I found this diminutive skull while working to replace a dead bolt on one of the big sliding doors which protect our bank barn from storm winds which race along the mountain tops just north of us. Part of the roof was once lost in a storm and just a few years ago the eastern wall of the structure parted company with the northern wall. In this instance the doors were open when, out of the blue (literally … it was, otherwise, a gorgeous day), a squall pressurized the barn causing a mortise and tenon joint to give way. Without the supporting eastern wall the weight of the roof threatened to drive the north and south walls outward which would have led to the collapse of the entire structure. A trip to our local hardware store (at more than the posted speed limit) and 100 feet of chain later, the walls were stabilized until a repair could be made. This was a most memorable event.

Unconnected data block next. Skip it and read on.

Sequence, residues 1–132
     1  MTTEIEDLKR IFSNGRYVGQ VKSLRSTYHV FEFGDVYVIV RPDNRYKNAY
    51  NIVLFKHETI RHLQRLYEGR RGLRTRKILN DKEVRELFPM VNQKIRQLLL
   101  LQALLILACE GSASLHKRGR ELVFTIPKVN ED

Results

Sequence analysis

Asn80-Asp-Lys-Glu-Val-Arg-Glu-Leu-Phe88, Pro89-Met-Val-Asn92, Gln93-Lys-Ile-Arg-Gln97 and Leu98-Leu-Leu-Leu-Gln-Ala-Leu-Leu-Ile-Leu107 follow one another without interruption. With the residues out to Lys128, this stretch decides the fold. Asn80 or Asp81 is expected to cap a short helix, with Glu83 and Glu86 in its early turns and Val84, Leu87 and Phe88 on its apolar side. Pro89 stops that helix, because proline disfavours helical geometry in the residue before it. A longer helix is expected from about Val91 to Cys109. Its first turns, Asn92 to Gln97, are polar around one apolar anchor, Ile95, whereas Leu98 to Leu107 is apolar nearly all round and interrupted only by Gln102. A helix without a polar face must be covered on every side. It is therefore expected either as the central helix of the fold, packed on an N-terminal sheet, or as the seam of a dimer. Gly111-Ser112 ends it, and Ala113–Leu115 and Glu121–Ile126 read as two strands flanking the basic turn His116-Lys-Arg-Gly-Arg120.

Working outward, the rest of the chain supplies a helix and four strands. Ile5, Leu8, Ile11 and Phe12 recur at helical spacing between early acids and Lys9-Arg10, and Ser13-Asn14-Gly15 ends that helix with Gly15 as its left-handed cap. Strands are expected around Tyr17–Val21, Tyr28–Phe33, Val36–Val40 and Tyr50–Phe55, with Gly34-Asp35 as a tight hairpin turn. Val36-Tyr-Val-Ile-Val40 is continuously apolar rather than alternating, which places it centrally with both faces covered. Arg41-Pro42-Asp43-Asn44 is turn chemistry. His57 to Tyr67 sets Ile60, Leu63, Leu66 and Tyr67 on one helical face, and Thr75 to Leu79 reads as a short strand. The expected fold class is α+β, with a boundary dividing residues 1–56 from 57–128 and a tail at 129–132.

Our best guess is that the skull is that of a bat, perhaps a Little Brown (Myotis lucifugus) which is very common in our area. You may know that bats across the U.S. are currently under threat of the fungus Geomyces destructans which is the causative agent of what has been called White Nose Syndrome. WNS was first detected in 2007 and is spreading quickly across the east U.S. and Canada – it is also spreading west and has been identified in Oklahoma. The scientific community is studying WNS intensively. Although the whole story isn’t yet known, what we do know is that bats infected with Geomyces wake from hibernation much more frequently than is normal and this burns calories during a time of the year when there is no food for them; infected animals die of starvation.
In any case, I thought the skull, laying atop some very happy moss, made for a nice image.